Kawagoe, Saitama

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Kawagoe
川越市
Core city
Traditional alley in Kawagoe
Traditional alley in Kawagoe
Flag of Kawagoe
Flag
Official seal of Kawagoe
Seal
Location of Kawagoe in Saitama Prefecture
Location of Kawagoe in Saitama Prefecture
Kawagoe is located in Japan
Kawagoe
Kawagoe
Location of Kawagoe in Saitama Prefecture
Coordinates: 35°55′30.5″N 139°29′8.8″E / 35.925139°N 139.485778°E / 35.925139; 139.485778Coordinates: 35°55′30.5″N 139°29′8.8″E / 35.925139°N 139.485778°E / 35.925139; 139.485778
Country Japan
Region Kantō
Prefecture Saitama Prefecture
Area
 • Total 109.13 km2 (42.14 sq mi)
Population (February 2016)
 • Total 350,421
 • Density 3,210/km2 (8,300/sq mi)
Time zone Japan Standard Time (UTC+9)
- Tree Oak
- Flower Kerria
- Bird Goose
Phone number 049-224-8811
Address 1-3-1 Motomachi, Kawagoe-shi, Saitama-ken 350-8601
Website www.city.kawagoe.saitama.jp
Kawagoe City Hall

Kawagoe (川越市 Kawagoe-shi?) is a city in Saitama Prefecture, in the central Kantō region of Japan. As of 1 February 2016, the city had an estimated population of 350,541 and a population density of 3,210 persons per km². Its total area was 109.13 km². The city is known locally as "Little Edo" (小江戸 Koedo?) after the old name for Tokyo, due to its many historic buildings.

Geography[edit]

Located in the Musashino Terrace of central Saitama Prefecture, both the Arakawa and the Tamagawa Rivers flow through the city, which is approximately 30 kilometers from downtown Tokyo.

Surrounding municipalities[edit]

History[edit]

During the Edo period Kawagoe Castle was the headquarters of the Kawagoe Domain under the Tokugawa shogunate. After the Meiji restoration, it briefly became capital of Kawagoe Prefecture (1871) then Iruma Prefecture (1871–1873), before becoming part of Saitama Prefecture.

The modern town of Kawagoe was created within Iruma District, Saitama with the establishment of the municipalities system on April 1, 1889. A large part of the town was destroyed in a fire on May 13, 1893 and was rebuilt with many structures using construction techniques of traditional kura warehouses. On December 1, 1922 Kawagoe merged with neighboring Senba Village, and was elevated to city status, with a population of 30,359. It was the first municipality in Saitama Prefecture to receive city status.[citation needed]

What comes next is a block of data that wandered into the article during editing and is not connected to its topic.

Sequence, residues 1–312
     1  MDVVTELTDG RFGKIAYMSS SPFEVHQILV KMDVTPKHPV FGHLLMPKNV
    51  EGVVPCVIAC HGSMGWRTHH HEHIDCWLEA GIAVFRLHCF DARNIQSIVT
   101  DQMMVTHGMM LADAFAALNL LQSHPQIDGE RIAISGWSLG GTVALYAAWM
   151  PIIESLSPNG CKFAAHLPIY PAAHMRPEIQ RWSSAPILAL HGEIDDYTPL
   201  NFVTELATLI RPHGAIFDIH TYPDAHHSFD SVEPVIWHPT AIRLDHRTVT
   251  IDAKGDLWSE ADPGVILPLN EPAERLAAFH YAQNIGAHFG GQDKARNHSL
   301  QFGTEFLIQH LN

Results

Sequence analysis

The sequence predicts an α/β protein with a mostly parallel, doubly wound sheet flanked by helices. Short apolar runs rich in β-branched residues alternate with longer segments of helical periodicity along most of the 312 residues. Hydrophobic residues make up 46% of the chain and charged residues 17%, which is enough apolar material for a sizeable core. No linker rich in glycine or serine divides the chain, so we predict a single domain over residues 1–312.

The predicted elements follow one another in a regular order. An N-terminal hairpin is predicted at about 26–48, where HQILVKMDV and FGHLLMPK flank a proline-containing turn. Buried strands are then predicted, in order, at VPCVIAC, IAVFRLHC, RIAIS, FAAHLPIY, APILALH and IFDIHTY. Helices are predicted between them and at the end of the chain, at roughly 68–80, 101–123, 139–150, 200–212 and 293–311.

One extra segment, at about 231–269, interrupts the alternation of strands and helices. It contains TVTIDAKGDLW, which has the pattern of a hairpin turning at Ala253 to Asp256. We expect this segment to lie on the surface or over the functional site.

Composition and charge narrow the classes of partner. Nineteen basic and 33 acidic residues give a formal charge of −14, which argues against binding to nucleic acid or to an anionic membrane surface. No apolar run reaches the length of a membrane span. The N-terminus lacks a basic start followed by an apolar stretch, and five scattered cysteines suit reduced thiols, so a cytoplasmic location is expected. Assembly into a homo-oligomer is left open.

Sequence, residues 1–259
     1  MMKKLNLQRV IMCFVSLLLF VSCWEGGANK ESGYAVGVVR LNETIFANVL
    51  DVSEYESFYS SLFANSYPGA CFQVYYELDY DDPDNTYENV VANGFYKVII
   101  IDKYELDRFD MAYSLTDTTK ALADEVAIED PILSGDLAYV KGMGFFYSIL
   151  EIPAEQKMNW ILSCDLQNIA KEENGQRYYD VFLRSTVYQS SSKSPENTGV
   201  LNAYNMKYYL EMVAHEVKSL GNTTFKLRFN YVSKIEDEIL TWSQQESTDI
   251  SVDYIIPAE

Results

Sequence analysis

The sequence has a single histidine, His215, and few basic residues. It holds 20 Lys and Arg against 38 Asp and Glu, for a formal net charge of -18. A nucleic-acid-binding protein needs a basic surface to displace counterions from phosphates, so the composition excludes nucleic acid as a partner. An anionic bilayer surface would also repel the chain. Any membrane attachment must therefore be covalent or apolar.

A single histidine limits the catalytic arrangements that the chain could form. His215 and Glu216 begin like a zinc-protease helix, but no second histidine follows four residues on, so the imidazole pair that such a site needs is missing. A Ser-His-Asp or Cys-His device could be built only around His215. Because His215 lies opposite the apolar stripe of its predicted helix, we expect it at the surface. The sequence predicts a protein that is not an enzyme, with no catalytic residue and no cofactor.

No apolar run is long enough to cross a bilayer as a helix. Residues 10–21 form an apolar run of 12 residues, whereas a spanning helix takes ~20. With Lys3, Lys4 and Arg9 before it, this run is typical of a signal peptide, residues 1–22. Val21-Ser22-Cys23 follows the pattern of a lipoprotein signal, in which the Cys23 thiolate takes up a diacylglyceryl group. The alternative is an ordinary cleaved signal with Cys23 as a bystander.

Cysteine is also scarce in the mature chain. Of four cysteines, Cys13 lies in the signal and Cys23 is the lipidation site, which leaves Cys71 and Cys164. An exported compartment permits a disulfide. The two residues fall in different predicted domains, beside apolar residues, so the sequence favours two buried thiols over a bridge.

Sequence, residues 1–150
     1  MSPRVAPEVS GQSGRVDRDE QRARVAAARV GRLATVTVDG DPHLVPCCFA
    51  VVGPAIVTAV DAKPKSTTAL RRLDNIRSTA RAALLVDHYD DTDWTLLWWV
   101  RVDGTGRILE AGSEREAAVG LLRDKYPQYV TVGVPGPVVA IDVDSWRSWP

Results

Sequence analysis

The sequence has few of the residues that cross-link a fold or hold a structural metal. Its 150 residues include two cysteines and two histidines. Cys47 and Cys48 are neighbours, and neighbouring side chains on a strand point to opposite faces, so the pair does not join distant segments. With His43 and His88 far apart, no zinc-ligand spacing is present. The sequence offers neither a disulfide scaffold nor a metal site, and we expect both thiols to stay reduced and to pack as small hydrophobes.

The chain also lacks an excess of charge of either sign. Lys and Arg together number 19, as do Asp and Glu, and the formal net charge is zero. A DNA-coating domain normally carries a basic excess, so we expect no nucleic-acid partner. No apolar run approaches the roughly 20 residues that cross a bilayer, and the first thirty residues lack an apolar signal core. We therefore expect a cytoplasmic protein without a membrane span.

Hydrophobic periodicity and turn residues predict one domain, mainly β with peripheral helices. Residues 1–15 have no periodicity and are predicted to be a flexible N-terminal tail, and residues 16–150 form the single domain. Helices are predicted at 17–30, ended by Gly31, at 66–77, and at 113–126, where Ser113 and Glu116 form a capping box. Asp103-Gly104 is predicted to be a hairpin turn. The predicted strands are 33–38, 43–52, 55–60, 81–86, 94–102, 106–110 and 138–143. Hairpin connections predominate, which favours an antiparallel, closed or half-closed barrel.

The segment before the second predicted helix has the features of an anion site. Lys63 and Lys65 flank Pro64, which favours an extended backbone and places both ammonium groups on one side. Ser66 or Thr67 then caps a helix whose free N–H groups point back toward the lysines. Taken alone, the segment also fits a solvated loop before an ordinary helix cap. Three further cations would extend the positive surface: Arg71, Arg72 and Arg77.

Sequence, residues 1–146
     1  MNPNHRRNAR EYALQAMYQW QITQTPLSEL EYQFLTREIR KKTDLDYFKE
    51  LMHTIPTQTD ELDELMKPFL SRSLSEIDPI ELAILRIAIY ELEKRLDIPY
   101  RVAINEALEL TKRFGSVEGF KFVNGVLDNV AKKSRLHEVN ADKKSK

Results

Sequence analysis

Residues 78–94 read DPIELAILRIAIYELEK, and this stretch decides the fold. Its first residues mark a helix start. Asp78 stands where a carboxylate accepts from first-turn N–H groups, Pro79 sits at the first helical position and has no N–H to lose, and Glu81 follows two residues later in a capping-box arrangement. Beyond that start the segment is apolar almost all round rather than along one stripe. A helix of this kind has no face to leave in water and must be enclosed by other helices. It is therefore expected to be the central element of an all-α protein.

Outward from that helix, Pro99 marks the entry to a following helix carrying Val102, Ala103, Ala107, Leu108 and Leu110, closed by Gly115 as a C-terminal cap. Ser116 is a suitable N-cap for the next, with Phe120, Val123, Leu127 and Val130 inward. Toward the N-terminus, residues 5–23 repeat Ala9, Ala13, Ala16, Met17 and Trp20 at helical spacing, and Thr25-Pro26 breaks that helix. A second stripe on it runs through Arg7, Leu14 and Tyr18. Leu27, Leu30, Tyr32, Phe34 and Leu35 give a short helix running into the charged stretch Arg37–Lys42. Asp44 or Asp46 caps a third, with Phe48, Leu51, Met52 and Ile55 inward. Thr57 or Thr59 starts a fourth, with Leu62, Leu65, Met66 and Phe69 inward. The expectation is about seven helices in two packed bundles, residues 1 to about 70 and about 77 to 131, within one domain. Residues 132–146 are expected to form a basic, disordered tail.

The village of Tanomozawa was annexed in 1939. The city escaped World War II with only minor damage. The city expanded in 1955 by annexing the villages of Yoshino, Furuya, Minamifuruya, Takashina, Fukuhara, Daito, Kasumigseki, Naguwashi and Yamada. In December 1999, the old core of Kawagoe was designated a Historic Preservation District. On April 1, 2003, Kawagoe was designated a core city with increased local autonomy.

Education[edit]

Universities and colleges[edit]

Primary and secondary education[edit]

Kawagoe has one private and 33 public elementary schools, 22 public middle schools and four private combined middle/high schools. The city has eight public and three private high schools. Kawagoe also has three special education schools.

Transportation[edit]

Rail[edit]

Kawagoe Station in March 2016

Highway[edit]

Cycling[edit]

The city of Kawagoe operates a bicycle sharing scheme in the city centre, with eight pickup/parking locations.[1]